Close call: too many passengers seated in the front of the plane cause difficulties during takeoff


TORONTO – A plane leaving London for Prague encountered difficulties during take-off after too many passengers sat in the front of the plane. According to a new report from the United Kingdom’s Air Accident Investigation Directorate (AAIB), a different plane was originally planned for the flight from Luton Airport to Prague Airport in January earlier this year. When the plane changed from a 180-seat Airbus A320 to a 230-seat A321, an email was prepared to notify Luton’s operational and passenger services, but was never sent due to a “Technical problem”.

As a result, people were seated on the new larger plane with the seating configuration of the smaller jet.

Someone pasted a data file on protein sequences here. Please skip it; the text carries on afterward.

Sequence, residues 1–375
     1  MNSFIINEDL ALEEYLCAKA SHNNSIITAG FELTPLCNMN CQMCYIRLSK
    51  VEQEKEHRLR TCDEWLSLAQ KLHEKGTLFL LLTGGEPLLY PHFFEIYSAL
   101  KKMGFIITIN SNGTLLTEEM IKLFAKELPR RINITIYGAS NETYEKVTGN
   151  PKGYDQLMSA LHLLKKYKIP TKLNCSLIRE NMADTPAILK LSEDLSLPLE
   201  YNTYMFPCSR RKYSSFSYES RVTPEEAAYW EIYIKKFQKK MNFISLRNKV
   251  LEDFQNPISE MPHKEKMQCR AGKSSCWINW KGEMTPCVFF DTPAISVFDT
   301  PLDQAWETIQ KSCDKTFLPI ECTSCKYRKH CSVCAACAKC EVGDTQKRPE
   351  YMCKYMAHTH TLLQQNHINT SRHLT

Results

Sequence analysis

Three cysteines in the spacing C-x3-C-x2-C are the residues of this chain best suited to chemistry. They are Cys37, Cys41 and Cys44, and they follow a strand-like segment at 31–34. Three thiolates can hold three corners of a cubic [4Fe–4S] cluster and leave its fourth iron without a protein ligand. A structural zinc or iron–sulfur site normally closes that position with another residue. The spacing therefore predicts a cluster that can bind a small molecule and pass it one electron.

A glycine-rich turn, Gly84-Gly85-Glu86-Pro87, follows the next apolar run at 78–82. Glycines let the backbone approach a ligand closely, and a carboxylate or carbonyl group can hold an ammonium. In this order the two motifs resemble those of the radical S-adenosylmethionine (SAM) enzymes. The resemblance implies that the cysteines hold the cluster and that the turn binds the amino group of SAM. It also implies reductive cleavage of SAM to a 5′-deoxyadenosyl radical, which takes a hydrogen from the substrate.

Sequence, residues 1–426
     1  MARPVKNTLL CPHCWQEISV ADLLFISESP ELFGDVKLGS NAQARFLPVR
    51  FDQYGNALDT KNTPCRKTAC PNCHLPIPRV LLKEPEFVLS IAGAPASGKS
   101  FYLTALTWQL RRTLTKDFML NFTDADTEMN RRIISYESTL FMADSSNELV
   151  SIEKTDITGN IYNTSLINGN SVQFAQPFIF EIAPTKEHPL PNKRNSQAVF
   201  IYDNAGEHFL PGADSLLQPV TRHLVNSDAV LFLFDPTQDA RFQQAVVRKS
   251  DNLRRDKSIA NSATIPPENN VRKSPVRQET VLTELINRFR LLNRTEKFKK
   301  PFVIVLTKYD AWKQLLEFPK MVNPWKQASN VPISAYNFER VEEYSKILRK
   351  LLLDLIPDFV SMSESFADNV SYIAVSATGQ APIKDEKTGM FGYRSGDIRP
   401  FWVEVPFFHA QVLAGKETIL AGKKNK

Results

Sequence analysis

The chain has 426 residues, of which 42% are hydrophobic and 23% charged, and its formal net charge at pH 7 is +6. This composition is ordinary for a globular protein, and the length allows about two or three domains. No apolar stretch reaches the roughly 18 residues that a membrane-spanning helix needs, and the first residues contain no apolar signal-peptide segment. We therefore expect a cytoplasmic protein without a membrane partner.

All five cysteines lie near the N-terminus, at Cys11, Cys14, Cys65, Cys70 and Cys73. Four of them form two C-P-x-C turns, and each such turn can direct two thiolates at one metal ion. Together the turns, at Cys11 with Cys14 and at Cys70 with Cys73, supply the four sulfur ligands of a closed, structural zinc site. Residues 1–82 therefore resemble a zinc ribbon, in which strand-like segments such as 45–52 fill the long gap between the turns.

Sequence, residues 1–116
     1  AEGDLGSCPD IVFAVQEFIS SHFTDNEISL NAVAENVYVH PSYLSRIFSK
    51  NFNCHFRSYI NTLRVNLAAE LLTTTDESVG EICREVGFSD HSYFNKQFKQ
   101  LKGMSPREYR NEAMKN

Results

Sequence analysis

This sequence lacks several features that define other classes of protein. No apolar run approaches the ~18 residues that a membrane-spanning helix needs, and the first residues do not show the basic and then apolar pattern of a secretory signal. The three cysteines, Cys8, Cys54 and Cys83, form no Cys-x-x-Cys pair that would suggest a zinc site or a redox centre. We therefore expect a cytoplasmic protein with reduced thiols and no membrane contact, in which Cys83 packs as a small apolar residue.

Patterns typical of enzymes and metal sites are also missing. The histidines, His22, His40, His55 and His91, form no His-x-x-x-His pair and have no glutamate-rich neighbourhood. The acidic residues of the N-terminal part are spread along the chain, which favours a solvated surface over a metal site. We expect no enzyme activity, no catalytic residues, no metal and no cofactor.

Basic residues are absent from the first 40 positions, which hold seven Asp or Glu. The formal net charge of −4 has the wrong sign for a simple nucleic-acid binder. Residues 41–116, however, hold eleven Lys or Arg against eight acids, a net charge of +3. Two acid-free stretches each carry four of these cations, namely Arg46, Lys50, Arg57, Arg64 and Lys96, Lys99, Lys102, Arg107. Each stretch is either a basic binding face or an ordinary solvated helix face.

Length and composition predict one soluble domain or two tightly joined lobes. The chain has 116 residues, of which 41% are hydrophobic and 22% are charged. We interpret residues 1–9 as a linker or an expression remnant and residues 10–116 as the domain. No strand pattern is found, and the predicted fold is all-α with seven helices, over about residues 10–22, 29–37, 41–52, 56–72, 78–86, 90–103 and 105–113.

“This caused the aircraft to appear to the crew not responding to normal sidestick controls as expected due to forward travel during rotation. [centre of gravity]“, We read in the report.

On takeoff, the nose of the aircraft did not rise. The crew suspected that they had entered a “bad stabilizer setting” and the pilot engaged the thrust function to increase the pitch of the aircraft. “The aircraft responded and a climb began with the flight continuing to the intended destination,” the report continued.

At the start of the descent to Prague, the crew finally realized that the seating pattern of the passengers could have caused a nose problem. No other issues were reported during the flight and steps were taken to improve the “flow of information” when changes occur.


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